While preparing to attend my parents’ 50th wedding anniversary a few weeks ago, it hit me. My kids don’t have much sense of adventure, at least in the, “Could we get in trouble doing this?” variety. In some aspects (like: safety), I should celebrate that. But it also makes me think they’re missing out on an important part of childhood.
My parents’ big anniversary bash was held at a golf club that had been built on the grounds that my brother, sister and I had simply known as “Franklin’s Field” growing up. Way back then, it comprised a few hundred acres of pastures, dozens of heads of cattle, a babbling brook, and a pond perfect for fishing. What more could three elementary school-aged kids want? That the property, located just a few miles from our home, was private, with signs posted frequently alerting us to the fact, didn’t deter us in our pursuit of adventure. A few times we were chased by an angry cow; other times we were chased by an angry farmer. It all just added to the excitement.
Our mother seemed none the wiser, till one day the owner called to ask that we “limit” our catch to just one fish each, as he was tired of having to restock his pond. She was embarrassed, and we no longer took so much pride in our fishing prowess.
My children were appalled as I recounted the story. “Weren’t you afraid you’d get arrested?! You ignored the NO TRESPASSING signs!”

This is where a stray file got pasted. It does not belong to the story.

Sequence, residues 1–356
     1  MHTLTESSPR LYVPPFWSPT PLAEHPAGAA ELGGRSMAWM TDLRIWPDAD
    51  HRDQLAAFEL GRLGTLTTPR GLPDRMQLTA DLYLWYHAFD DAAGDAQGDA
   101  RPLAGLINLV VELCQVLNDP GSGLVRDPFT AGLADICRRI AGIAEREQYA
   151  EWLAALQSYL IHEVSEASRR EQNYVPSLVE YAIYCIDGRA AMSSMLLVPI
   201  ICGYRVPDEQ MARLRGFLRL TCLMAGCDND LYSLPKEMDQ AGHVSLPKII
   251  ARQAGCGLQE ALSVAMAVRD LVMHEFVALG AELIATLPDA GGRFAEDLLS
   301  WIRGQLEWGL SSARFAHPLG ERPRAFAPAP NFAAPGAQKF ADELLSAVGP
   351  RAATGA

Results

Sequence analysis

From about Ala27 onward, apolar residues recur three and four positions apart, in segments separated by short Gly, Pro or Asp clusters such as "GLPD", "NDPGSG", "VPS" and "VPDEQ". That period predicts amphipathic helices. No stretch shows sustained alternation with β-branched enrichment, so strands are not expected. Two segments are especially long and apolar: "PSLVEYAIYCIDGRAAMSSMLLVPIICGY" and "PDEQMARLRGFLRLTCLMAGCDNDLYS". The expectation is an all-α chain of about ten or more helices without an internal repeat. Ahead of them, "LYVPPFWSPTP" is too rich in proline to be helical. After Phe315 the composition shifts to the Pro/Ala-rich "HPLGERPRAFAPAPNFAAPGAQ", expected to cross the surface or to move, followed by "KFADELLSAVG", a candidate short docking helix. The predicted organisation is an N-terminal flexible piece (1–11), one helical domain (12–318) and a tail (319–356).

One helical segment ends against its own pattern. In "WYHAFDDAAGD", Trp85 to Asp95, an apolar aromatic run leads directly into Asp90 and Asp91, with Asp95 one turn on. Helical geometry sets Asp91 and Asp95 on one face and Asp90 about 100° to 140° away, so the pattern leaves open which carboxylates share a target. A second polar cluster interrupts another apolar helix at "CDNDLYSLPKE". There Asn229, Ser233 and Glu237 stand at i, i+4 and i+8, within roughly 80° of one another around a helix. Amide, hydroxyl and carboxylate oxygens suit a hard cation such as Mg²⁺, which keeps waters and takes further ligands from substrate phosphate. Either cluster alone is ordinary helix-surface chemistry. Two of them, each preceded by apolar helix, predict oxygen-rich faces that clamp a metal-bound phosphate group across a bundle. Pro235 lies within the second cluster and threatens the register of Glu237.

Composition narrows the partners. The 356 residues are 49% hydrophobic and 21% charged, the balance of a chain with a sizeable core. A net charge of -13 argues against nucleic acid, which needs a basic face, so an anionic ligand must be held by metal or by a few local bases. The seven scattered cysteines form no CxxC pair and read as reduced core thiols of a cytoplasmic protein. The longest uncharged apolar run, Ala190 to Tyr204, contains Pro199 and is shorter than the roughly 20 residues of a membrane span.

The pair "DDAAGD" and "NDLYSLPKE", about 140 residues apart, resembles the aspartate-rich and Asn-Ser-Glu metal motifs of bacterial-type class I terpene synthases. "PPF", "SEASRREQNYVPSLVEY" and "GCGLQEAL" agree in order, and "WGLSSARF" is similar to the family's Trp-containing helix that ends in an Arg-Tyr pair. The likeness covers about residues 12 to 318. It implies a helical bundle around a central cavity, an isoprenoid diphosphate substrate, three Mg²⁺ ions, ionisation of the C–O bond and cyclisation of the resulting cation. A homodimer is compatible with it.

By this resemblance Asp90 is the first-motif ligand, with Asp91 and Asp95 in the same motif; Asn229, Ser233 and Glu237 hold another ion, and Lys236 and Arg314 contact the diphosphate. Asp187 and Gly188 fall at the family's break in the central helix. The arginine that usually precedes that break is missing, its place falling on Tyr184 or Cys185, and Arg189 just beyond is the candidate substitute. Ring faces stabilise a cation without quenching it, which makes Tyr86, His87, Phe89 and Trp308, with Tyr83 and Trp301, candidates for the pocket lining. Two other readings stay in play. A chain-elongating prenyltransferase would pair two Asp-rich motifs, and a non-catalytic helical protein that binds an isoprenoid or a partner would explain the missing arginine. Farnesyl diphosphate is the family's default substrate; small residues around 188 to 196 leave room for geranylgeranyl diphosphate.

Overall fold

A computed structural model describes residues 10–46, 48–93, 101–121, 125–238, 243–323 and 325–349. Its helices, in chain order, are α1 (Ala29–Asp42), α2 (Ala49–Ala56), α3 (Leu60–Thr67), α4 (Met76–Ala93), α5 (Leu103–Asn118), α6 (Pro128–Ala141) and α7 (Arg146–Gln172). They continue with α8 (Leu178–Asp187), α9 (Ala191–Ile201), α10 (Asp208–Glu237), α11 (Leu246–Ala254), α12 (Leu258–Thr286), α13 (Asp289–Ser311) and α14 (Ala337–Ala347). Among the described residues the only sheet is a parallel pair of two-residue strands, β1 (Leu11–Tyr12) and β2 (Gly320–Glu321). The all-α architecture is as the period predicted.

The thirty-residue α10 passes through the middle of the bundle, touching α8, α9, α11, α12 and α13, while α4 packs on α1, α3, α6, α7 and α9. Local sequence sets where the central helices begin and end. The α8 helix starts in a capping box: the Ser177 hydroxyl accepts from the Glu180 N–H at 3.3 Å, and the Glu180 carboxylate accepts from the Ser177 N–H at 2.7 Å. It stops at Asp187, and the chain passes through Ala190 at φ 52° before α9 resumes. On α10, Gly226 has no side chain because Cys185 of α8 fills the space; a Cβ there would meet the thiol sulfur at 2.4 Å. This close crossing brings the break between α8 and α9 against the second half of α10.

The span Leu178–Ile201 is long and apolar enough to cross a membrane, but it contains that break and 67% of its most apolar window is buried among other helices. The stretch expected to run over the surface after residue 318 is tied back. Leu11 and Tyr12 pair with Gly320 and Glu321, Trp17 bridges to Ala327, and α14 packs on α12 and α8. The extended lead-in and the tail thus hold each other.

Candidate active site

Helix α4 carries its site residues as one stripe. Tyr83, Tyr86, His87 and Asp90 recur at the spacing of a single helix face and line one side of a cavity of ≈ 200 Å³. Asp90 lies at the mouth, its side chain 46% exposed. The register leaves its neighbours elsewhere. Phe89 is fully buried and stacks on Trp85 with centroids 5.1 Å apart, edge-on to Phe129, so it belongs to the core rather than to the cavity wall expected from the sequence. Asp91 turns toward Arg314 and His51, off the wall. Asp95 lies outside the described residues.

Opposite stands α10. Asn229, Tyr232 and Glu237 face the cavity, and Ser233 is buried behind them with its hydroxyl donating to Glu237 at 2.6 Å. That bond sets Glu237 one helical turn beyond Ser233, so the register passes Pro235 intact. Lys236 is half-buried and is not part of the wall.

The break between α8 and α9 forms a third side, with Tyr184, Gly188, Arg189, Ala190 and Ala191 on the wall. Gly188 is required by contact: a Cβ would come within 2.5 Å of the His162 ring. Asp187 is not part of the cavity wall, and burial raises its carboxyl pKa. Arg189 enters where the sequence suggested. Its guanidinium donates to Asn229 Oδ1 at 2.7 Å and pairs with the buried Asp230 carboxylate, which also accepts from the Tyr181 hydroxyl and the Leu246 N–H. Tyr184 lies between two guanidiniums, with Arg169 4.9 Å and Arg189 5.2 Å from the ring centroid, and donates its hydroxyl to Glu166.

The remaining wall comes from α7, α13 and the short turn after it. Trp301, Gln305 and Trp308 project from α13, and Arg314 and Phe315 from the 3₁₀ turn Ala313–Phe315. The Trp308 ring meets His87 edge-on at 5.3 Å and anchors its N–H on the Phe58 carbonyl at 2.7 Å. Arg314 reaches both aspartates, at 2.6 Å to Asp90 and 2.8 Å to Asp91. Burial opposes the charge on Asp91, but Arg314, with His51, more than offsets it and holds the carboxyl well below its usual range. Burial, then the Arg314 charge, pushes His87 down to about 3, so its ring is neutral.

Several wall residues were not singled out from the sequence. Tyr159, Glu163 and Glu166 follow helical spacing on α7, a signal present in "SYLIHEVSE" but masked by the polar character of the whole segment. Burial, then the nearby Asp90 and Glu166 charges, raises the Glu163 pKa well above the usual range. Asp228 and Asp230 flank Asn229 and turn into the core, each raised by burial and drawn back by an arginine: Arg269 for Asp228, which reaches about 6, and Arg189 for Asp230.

It was a wake-up call. Time to let them break out of their safety net, the one I inadvertently cast as a protective mom beginning the day of my son’s birth. Today is President’s Day, and an unusually warm day in mid-February. My son has a friend over and they were looking for something to do. There are 100-plus acres of woods across the street screaming to be explored. And lots of “No Trespassing” signs. I made a casual suggestion that they wander on over to see what trees the new owners had cut down.
“But Mom. We’d be trespassing. We might be… prosecuted.”
“You’re kids. You’re not poaching. You’re not cutting down trees. You’re not dumping trash. If you run into the owners, tell them you’re neighbors. Tell them for three years you’ve been dying to explore the woods. I think it’ll be okay.”
So they went, and returned safely two hours later, after building a fort and completing a thorough (yet surprisingly unsuccessful) search for Big Foot. And as far as I know, no one called the police on them.